The WikiLeaks Hoax, Part I

It was, after all, none other than Der Spiegel that in January 2003, before the Iraq War had even started, published a spectacular cover story on the impending American invasion under the apodictic title “Blood for Oil.” The phrase was the Spiegel editors’ clever riff on the slogan of the German street protests opposing the first Iraq War twelve years earlier: “No Blood for Oil.” The editors did not even feel the need to add a question mark. The knowing subtitle read: “What [the intervention in] Iraq is really about.” The ostensible reasons, of course, simply could not be true. (For numerous further examples of Der Spiegel’s propagation of the dismal view, see the Der Spiegel archive of the regrettably now largely inactive German media watch blog Medienkritik.)

Even independently of WikiLeaks, Der Spiegel and the Times have occasionally dabbled in content-sharing in recent years. But what the publications share, above all, is not content, but spin -- typically, spin that is detrimental to America’s image and American security interests. (For just one among many examples, see my “The CIA Rendition Controversy: Is Khaled Al-Masri Lying?” in World Politics Review.)

WikiLeaks may have itself decided to provide the chosen three media organizations the leaked files in advance, as the standard news accounts suggest. Or it could well be that the original source provided them to both WikiLeaks and the chosen three, thus giving some of the world’s most thoroughly establishment “old” media a unique chance to partake of the fight-the-power hipness of the new media “whistleblower organization.”

But one thing, in any case, appears certain: WikiLeaks did not obtain the files via its famous online “secure submission” form. Once upon a time, the secure submission form was the centerpiece of the WikiLeaks project. It was here that anonymous sources were supposed to upload their sensitive material and to enjoy the assurance that in so doing their anonymity would be preserved. But as the blog has documented, the site’s secure submission technology has been compromised for many months now. is a techie blog devoted to critical examination of the WikiLeaks project. It is not affiliated with the project.

On June 12, WikiLeaks demonstrated beyond a shadow of a doubt just how uninterested it was in preserving the security of the site. On that day -- as was predicted would happen by -- WikiLeaks failed to renew its SSL certificate: a basic form of web security certification that can be purchased for as little as $30 per year. Already at the time of the April release of its “Collateral Murder” video, WikiLeaks claimed to have raised some $370,000 in its funding drive.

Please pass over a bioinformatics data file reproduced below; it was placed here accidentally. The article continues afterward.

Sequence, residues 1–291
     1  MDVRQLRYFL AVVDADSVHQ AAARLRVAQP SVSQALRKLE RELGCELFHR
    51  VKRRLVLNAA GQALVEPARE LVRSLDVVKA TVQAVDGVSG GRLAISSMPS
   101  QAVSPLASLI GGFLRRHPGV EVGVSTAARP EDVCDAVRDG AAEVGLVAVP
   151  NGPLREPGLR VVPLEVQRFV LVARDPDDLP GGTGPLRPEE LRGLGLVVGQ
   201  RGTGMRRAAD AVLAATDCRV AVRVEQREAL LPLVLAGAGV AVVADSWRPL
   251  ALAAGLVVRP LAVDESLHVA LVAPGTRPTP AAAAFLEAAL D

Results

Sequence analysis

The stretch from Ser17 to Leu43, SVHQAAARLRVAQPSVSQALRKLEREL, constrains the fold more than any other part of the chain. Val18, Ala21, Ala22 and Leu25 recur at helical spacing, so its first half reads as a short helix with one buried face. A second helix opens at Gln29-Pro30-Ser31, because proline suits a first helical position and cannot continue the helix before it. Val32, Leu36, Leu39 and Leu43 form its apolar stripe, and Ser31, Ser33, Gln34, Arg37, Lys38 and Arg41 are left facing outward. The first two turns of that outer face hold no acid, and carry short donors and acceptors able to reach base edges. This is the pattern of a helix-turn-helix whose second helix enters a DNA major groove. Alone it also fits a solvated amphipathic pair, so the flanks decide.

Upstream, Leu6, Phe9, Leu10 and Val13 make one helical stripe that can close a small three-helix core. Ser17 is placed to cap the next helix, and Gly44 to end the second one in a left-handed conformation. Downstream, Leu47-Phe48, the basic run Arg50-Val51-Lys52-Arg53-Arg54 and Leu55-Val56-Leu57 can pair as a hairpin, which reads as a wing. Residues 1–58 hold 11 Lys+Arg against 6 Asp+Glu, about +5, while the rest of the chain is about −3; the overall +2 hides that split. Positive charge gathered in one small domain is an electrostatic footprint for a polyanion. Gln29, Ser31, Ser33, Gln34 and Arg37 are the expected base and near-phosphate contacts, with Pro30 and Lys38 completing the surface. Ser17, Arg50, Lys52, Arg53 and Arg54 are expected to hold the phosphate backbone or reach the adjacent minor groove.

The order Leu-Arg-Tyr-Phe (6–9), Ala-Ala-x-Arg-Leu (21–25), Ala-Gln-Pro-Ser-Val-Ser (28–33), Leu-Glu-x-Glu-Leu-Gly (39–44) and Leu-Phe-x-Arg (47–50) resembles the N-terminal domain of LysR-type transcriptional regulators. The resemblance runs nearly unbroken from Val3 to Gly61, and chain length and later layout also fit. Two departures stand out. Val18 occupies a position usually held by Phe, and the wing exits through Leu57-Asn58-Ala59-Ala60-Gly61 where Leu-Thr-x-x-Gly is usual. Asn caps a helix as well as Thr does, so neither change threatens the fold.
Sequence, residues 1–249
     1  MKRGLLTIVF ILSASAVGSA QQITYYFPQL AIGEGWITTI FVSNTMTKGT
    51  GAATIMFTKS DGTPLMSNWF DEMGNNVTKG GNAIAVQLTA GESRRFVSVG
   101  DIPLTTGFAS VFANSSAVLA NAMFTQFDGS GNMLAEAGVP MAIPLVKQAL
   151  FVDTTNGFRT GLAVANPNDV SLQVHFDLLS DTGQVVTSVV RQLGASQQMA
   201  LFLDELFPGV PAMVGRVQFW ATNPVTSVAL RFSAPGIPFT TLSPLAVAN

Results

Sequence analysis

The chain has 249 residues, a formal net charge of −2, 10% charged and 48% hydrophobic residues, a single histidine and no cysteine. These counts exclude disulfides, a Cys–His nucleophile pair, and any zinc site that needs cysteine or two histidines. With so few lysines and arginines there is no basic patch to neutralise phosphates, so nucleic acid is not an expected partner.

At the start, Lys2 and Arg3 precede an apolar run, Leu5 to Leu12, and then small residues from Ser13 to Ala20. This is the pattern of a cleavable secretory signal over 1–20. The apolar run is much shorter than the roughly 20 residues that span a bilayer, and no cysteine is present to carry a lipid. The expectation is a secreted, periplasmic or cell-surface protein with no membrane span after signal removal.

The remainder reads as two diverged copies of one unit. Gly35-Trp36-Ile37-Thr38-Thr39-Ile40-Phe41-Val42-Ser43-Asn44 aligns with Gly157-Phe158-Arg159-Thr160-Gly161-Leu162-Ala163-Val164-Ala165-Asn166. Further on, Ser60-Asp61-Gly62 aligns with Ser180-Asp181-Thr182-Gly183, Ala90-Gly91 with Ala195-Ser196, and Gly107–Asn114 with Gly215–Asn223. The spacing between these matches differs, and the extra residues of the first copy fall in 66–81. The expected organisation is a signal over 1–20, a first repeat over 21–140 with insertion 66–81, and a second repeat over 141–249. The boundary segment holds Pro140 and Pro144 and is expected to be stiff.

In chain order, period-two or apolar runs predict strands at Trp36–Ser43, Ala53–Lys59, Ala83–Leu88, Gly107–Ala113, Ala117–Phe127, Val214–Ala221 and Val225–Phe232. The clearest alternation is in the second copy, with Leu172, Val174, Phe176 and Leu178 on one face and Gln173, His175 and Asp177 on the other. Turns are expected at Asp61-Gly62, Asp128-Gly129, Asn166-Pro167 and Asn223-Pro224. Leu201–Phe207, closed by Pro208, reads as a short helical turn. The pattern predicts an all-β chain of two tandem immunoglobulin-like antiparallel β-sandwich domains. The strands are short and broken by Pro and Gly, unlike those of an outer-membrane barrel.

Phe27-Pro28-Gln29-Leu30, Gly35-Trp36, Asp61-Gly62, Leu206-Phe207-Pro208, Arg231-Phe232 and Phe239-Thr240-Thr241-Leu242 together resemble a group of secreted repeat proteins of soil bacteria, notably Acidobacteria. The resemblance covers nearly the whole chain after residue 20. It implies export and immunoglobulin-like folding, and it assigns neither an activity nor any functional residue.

Attempting to access a site with an invalid SSL certificate will typically generate a warning that secure connection to the site is not possible. Attempt, for instance, to connect to the original WikiLeaks “secure submissions” page here in either IE or Firefox and you will currently receive such a warning. It was only after called attention to the lapsing of the WikiLeaks SSL certificate that WikiLeaks finally restored its ostensibly secure submissions form, though at a different address than previously.

The Swedish newspaper Sydsvenskan [English link] has, moreover, pointed to a further discrepancy between the carefully cultivated public image of WikiLeaks and the reality of the site. If the “secure submission” system was supposed to provide technical assurances of anonymity to potential leakers, it was the location of the WikiLeaks servers in Sweden that was supposed to provide them legal assurance: thanks, namely, to the robust source protection provisions in the Swedish Press Freedom Act. The current WikiLeaks submission page still promises that submissions are “protected under Swedish and Belgium [sic] press secrecy laws.”

But the law in question only applies to media that have been issued a “publishing license” by Swedish authorities. Sydsvenskan reports that WikiLeaks has no such license. Asked by Sydsvenskan what he thought of WikiLeaks’s promise of protection for sources under Swedish law, Anders R. Olsson, a Swedish journalist specializing in free speech issues, replied, “I think it is a bit strange that Wikileaks doesn't seem to know the rules.”

Thus, we have a “whistleblower organization” that is not in a position to provide the legal protections to sources that it promises with great fanfare and that makes no effort to maintain the secure submission environment that was supposed to be its very raison d’être. It is small wonder, then, that apart from the two blockbusters WikiLeaks has hardly published any leaks at all since its supposed re-launch. The whole edifice of the “new” WikiLeaks appears in fact to be nothing but a facade.

Who or what lies behind the WikiLeaks facade? For some clues, make sure to catch part II of “The WikiLeaks Hoax,” forthcoming on Pajamas Media.